Well, I’m sitting on the plane headed to one of my biggest races yet. The Oceanside 70.3. On Sat I will be a part of a group of 5 disabled athletes, and 1000’s of able-bodied athletes that will attempt this 1.2 mile swim, 56 mile bike and 13.1 mile run with the goal of making it to the finish line. No time goals are needed here; making it to the finish line will be an accomplishment in itself.
I am representing the Challenged Athletes Foundation and their subset called Operation Rebound. It is a group of athletes that were wounded either in Iraq or Afghanistan or as a police officer of fire fighter. I have done a number of races with them throughout the year, but I am usually part of a relay team, and most often the swimmer. I’ve felt for a while now that I needed to step up and do the entire race, being my own team. Just doing the swim is great, but while I sit around and wait for my teammates to complete the race, I always wish I was doing more. So one day last summer, when I was no doubt in a great mood, wondering what my next big challenge could be, this race came up, and I jumped on it. And here I am, 7 months later, wondering what on earth I was thinking. At the time I wasn’t thinking of the dreaded Chicago winter and that much of my training would be done inside, either on a treadmill or on a stationary bike. Because of that, my training has suffered a bit and I really only have myself to blame. I have this awesome coach, Coach Mike, from Carmichael Training Systems that has been giving me my weekly workout schedules in preparation for the race. I’d be lying if I said I completed them all, and I too often used the excuse of being too tired, or it’s too cold, or really just preferring to sit on the couch with my husband. But whatever the reason, it was pure laziness on my part and I’m sure I will feel it on Sat. I am confident that I have done enough training to finish the race, it just won’t be pretty and I probably won’t look all that happy at mile 10 of the run.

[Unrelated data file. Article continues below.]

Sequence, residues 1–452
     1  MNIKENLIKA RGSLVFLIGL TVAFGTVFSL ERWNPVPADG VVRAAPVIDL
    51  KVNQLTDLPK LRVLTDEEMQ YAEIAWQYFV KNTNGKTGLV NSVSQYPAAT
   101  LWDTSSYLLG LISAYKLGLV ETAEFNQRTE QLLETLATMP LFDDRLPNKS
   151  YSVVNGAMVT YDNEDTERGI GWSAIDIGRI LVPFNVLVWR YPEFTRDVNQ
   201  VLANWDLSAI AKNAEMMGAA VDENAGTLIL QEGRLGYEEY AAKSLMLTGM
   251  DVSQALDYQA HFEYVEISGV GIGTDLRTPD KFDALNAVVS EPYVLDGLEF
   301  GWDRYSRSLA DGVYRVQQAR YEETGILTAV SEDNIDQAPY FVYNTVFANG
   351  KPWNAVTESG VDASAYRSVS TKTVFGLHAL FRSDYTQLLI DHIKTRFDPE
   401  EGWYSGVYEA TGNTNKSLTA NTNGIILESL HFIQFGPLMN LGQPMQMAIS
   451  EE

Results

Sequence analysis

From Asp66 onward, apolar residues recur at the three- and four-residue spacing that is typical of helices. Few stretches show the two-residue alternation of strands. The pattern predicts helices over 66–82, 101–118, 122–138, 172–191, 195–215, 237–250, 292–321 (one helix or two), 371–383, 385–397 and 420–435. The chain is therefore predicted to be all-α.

We’ll start with a lovely 1.2 mile ocean swim with the first dip being at 6:45am. From there we start on the 56 mile bike course that I’m told can be a bit hilly. I’m not a huge fan of hills, the only having one leg thing, makes them a little difficult. If I go to slow, I’ll actually start rolling backwards. No joke. But the one thing I have done over the past few months is really step up my bike training. And thanks to my rocking computrainer coach, Stacee, I feel as prepared as I can be at this point. After I get off the bike, I’ll start the 13 mile run course, which is a 2 lap course with periods of sand you have to run through. Again, not too much a fan of the sand especially after the bike. BUT, at the end of it all there will be a glorious finish line where I will run, or crawl, through in my moment of glory of having completed the race. My motto of the race is, The only way to finish it to start, and start I will bright and early on Sat morning. Please pray to the wind gods that they take it easy on us.
There are some cutoffs that have to be made throughout the race that allow you to stay on the course. We have the fortune of being the very first swim wave, which will give us the maximum time available to make those cutoffs. Once I make the bike cutoff I will make it to the finish, even if the finish shoot is torn down by then.
I’m lucky that I’ll have my husband, the awesome CAF peeps and many other athletes and supporters there for the support. I’m a sucker for people cheering for me, and I’m told there’s a crowd at this race with some loud cheers along the way. Plus, my husband is going to meet me halfway on the run with a towel and a fresh liner for my running leg and there’s nothing like a sweaty hug and a kiss to keep me going for 7 more miles. Oh and did I mention that Dick and I will be flying to Hawaii the following day for a week of R&R. So as I become near the point of exhaustion it will be thoughts of hula skirts, and mai tai’s on the beach that will get me through those last miles.
But really, as much as I talk about how long it is and how much it’s going to hurt, the bottom line is, I’m thrilled. Thrilled, really, to have the opportunity to compete in such a race. To have the people behind me who believe I can do it, and to prove to myself that I really can.
So. Wish me luck. I’ll send a race update as soon as I’m able to move my fingers long enough to type it out.